Nobody really knows how old the forest is. Most of us have a strongly imprinted image of a forest that has been standing in a given place for a long time and does not change much. The forest grows into the psyche no less than into the soil on which is planted. There are also those who remember planting a forest. They remember how during the communist time, whole families went to the sandy, barren wastelands where they were handed out shovels and hands full of poor pine seedlings.
Pine likes such places — dry, inhospitable, bitterly cold in winter, and scorched in the summer. On this virgin territory, pine begins to build its kingdom. Nobody can stop it. Well, maybe another seed dropped by a bird, but that must also take some time to take root. Inch by inch for several years, the pine unfolds a broom of green needles in each side, sweeping the area around itself. After meeting the branches of the neighboring pines, the pine launches all the needles upwards.
The pine tree is the queen of the Polish forest — not the oak, as some stubbornly claim. Maybe, the oak, a relic from the ancient times, looks impressive and grows for hundreds of years. But the pine is not much behind with its longevity, and is certainly more beautiful than the oak. Malicious people say that when planted in monoculture, the pine is a threat to the environment. That it attracts pests and does not shelter large animals. Perhaps, they do not know that the pine moth and the dandelion moth would also like to have their own corner, and the pine provides them with just that. Pest — what a disrespectful term.
The forest is a great source of memories. It gives us the rustle of trees, the smell of resin in the summer, and damp ground in the autumn. Its sights, sounds, and smells take us in our imagination to places and people that may have been long gone. Or, maybe, these places and people have changed so much that we are happy to remember their recent or better versions?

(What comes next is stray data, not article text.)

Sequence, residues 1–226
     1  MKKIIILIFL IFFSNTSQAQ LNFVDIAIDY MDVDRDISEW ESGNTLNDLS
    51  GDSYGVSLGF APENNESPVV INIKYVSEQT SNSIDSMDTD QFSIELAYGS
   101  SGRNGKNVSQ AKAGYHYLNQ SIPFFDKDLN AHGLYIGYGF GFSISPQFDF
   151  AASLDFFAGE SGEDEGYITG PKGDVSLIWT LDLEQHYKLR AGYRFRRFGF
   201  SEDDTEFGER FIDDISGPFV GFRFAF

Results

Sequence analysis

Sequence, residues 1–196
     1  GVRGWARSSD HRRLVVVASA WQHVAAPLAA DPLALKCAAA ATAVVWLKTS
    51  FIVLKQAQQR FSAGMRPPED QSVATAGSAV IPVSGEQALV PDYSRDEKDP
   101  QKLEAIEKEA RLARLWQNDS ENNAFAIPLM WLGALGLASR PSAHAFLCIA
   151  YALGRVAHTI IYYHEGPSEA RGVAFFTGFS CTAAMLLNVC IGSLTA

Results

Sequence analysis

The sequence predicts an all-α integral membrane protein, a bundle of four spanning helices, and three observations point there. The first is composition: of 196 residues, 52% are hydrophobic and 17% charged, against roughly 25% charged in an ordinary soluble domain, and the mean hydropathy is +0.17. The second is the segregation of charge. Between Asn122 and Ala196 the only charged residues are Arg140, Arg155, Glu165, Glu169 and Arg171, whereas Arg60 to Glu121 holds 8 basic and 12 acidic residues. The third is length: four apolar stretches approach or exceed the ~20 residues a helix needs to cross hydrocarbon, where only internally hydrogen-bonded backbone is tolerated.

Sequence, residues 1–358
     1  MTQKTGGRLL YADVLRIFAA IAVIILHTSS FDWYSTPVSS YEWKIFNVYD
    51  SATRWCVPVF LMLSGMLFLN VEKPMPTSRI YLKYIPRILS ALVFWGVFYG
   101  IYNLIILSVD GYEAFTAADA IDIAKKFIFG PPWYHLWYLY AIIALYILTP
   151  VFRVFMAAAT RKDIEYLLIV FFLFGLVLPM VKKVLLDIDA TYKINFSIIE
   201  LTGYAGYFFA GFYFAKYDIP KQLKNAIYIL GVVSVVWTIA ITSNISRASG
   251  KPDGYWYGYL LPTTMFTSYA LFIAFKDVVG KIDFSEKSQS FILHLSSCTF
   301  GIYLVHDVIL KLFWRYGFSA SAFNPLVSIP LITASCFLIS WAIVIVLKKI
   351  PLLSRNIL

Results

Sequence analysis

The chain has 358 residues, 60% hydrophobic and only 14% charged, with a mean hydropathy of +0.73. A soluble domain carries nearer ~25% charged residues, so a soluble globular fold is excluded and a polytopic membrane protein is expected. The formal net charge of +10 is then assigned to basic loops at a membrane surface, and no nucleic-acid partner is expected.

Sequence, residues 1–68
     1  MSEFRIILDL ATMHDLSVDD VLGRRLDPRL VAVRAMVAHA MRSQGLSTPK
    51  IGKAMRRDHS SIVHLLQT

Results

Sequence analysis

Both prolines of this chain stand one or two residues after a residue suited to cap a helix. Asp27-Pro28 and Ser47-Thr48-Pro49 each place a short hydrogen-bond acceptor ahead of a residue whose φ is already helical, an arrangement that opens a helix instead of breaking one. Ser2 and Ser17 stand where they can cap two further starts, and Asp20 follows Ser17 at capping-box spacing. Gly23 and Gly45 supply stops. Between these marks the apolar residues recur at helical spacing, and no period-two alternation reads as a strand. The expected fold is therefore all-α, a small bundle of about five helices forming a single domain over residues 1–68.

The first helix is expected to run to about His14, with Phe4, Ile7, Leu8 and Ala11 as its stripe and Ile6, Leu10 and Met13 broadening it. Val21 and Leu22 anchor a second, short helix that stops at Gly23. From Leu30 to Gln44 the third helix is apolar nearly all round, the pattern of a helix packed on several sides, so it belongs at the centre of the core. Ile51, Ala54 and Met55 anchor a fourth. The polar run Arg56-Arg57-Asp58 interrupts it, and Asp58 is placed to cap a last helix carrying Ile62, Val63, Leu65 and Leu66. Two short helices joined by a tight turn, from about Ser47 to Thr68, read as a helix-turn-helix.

The forest not only gives, but sometimes takes from us as well. However, it is so fleeting that we do not even notice the damage to ourselves. The forest needs man, just as man needs the forest. It always welcomes newcomers, hence its popularity among Sunday walkers and morning runners. Hard-working ants clean the paths, the grasses take care not to accidentally grow under the feet of passers-by, and the branches reach as far as possible to shade the forest paths for people. The forest likes visitors. However, the greatest gift from fate is probably the possibility of being one with the forest on a daily basis.
When we grow up or live in the countryside, we can cross the green border any time to plunge into the past (or maybe the future?). The forest is eternal, suspended in time. It exists far from everything that man has imagined, from the cities he has built. The forest gives way to man, but it will never allow itself to change. It is always the same because there is only one forest. But the global forest is divided by humans into small tufts by concrete, farmland, and highways.
No matter how hard we try, the unity of the forest cannot be completely destroyed. That is why we call it collectively “forest.” We do not have to specify which part we choose to go to when we leave the house. We just “go to the forest” and it’s the same everywhere. Everywhere in the world it gives the same relief and arouses the desire not to leave it anymore. To not go back to concrete, steel, or asphalt. To stay in it, be one with it, and collapse into the litter. To grow with the trees, rustling in the wind and catching the sun’s rays together.